Homebuyers, especially first-timers, can often feel some anxiety about their credit score. Many questions swirl around in their head. Is their score high enough to qualify for one of today's remarkably low interest rates? Will top-tier lenders approve their application, or will they have to deal with a bank they've never heard of?
Your credit reputation is based on various reports and scores. In conversation we often use shorthand to discuss "our credit report," but we really have three major reports, one from each credit bureau. The bureaus (also called credit reporting agencies) are independent companies with separate access to your financial records and their own methods of compiling reports. How you appear on paper at one bureau is not necessarily how you appear at the others.
"Credit bureaus often have business relationships with the same banks, credit card issuers, and even other businesses that you might have accounts with, but they're separate entities," writes financial blog The Balance. "Your account history will appear on one or all of your credit reports from these agencies because of their connections, but credit agencies don't share your account information with each other."
Different credit reports are not the only variety involved when a bank runs a credit check on you. You've probably heard of a FICO score. Well, you actually have several of those as well. One in particular is used widely across the mortgage industry: FICO Score 5.
You Have Many Different FICO Scores
Many people don't know they actually have several FICO scores. Here are the most common.
- FICO Score 2: Derived from information at Experian.
- FICO Score 4: Derived from information at TransUnion.
- FICO Score 5: Derived from information at Equifax. Especially popular for auto loans, credit cards, and mortgages.
- FICO Score 8: Blends information from all three bureaus. Rewards people for making on-time payments and keeping low balances, while penalizing people for delinquency and opening too many accounts.
- FICO Score 9: The newest score is the most predictive to date, says FICO. In this update, third-party collections that have been paid off no longer harm your score. Your rental history can improve your score. Medical collections are treated differently from other collections and won't harm your score as much.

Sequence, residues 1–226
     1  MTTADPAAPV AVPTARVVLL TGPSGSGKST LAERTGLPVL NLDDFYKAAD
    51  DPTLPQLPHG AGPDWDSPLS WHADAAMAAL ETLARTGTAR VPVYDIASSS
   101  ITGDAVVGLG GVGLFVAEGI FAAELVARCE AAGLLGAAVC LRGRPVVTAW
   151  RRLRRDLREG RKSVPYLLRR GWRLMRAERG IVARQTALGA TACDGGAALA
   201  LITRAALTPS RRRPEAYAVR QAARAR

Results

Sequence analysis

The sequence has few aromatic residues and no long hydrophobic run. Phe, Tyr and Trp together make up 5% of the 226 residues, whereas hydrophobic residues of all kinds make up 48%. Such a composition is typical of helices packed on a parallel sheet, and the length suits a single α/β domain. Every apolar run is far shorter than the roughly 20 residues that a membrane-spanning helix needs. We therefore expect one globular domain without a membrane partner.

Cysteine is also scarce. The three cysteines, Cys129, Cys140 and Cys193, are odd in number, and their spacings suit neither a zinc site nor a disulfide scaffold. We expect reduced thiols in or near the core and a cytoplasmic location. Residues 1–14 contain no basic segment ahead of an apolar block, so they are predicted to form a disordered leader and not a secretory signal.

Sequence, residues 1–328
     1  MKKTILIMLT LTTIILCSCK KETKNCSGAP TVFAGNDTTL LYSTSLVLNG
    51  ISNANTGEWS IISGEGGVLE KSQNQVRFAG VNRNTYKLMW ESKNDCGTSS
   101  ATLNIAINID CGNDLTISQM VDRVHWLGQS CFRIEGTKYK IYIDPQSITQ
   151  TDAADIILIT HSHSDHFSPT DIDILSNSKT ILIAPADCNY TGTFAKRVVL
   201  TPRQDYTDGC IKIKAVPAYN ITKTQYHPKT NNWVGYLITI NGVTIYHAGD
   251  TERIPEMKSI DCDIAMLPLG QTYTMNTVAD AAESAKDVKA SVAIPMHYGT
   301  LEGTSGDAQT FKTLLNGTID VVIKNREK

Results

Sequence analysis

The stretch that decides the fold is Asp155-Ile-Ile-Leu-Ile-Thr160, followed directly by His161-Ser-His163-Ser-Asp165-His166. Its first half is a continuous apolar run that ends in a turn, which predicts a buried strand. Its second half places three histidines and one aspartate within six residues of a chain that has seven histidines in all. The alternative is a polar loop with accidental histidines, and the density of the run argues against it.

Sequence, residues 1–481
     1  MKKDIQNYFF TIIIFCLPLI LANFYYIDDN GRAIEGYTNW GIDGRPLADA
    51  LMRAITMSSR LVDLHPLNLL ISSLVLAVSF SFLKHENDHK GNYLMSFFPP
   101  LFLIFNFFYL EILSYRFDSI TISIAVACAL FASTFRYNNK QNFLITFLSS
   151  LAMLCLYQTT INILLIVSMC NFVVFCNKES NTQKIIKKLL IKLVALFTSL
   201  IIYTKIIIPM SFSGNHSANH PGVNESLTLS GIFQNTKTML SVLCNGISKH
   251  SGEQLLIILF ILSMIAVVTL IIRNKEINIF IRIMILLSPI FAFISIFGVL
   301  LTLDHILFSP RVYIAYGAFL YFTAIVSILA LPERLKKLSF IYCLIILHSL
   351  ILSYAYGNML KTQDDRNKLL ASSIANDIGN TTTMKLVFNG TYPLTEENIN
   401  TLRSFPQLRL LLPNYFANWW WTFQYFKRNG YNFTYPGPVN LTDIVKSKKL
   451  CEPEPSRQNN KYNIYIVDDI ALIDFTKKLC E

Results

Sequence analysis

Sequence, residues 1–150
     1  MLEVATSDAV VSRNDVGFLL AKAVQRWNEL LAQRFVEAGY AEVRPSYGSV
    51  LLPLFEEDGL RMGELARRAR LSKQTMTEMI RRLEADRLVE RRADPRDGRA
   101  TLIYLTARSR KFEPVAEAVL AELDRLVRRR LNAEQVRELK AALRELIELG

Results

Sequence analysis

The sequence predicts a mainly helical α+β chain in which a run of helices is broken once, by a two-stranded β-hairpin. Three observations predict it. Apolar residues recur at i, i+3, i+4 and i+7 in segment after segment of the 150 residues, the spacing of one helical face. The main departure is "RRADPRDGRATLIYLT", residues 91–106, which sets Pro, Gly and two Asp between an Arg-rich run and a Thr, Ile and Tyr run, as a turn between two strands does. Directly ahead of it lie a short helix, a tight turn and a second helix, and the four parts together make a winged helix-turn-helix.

Among consumers, FICO Score 8 is the most commonly used scoring model. When someone quickly checks their credit score on an app or website, what they see is Score 8. People with high FICO 8 scores qualify for low-interest credit cards. However, this score alone won't satisfy mortgage lenders. Big-money lenders want to know your FICO Score 5.
What's special about your FICO Score 5?
One reason moneylenders tend to rely on FICO 5 instead of FICO 8 is because the calculations in 5 are less forgiving of unpaid collection accounts, especially medical accounts. Your FICO Score 5 is what matters in the mortgage industry because lenders have tracked a statistically significant correlation between borrowers who lapse on repaying large, long-term collection accounts and those who default on their mortgage. Banks are all about assessing risk.
"Mortgages are very large loans, and mortgage lenders tend to be more cautious with them," explains financial blog Investopedia.
Credit scores directly affect mortgage interest rates. A difference of just 100 points could cost you—or save you—thousands of dollars.
Regardless of the FICO Score version, the keys to obtaining favorable FICO Scores remain the same according to the folks behind the scoring system, MyFICO.com:
- Make payments on time.
- Keep credit card balances low.
- Open new credit accounts only when needed.
Your Debt-to-Income Ratio Matters Too
Along with a good credit reputation, you need a low debt-to-income (DTI) ratio to qualify for the best interest rates. The DTI ratio is a handy number that reflects how much money you bring in each month versus how much flows out to repay debts.
To come up with your debt-to-income ratio, simply divide the total of all monthly debt payments (credit cards, student loans, car note, etc.) by your total monthly income (gross income, before taxes). The result is a percentage. Some DTI facts to know:
- Lenders use DTI, along with credit history, to evaluate whether a borrower is a low or high risk for a loan.
- Lenders all set their own DTI requirements.
- Personal loan providers generally allow higher DTIs than mortgage lenders.
According to NerdWallet, a debt-to-income ratio of 43% is generally the highest mortgage lenders will accept for a qualified mortgage. "Qualified" means the mortgage includes affordability checks.
"A debt-to-income ratio of 20% or less is considered low. The Federal Reserve considers a DTI of 40% or more a sign of financial stress," writes NerdWallet.
Some FHA mortgage lenders are substantially raising FICO score requirements during the Coronavirus crisis, even though FHA minimums remain unchanged.
"Experian Says I Can Boost My Score Easily With Its Service. Will It Help With a Mortgage?"
Experian has been garnering positive attention lately with its new Boost service. (It doesn't hurt that the credit bureau has been running ads all over the place.) As we explored in a previous article, Boost works by adding a person's streaming subscriptions and telecom/internet services to his or her overall credit score and is especially useful for young people who don't have many other accounts to base a score upon.
But will Boost help you with a mortgage? No, it won't. The service lifts your score at Experian, which in turn rolls into your FICO Score 8. Mortgage lenders, you now know, care more about your FICO Score 5.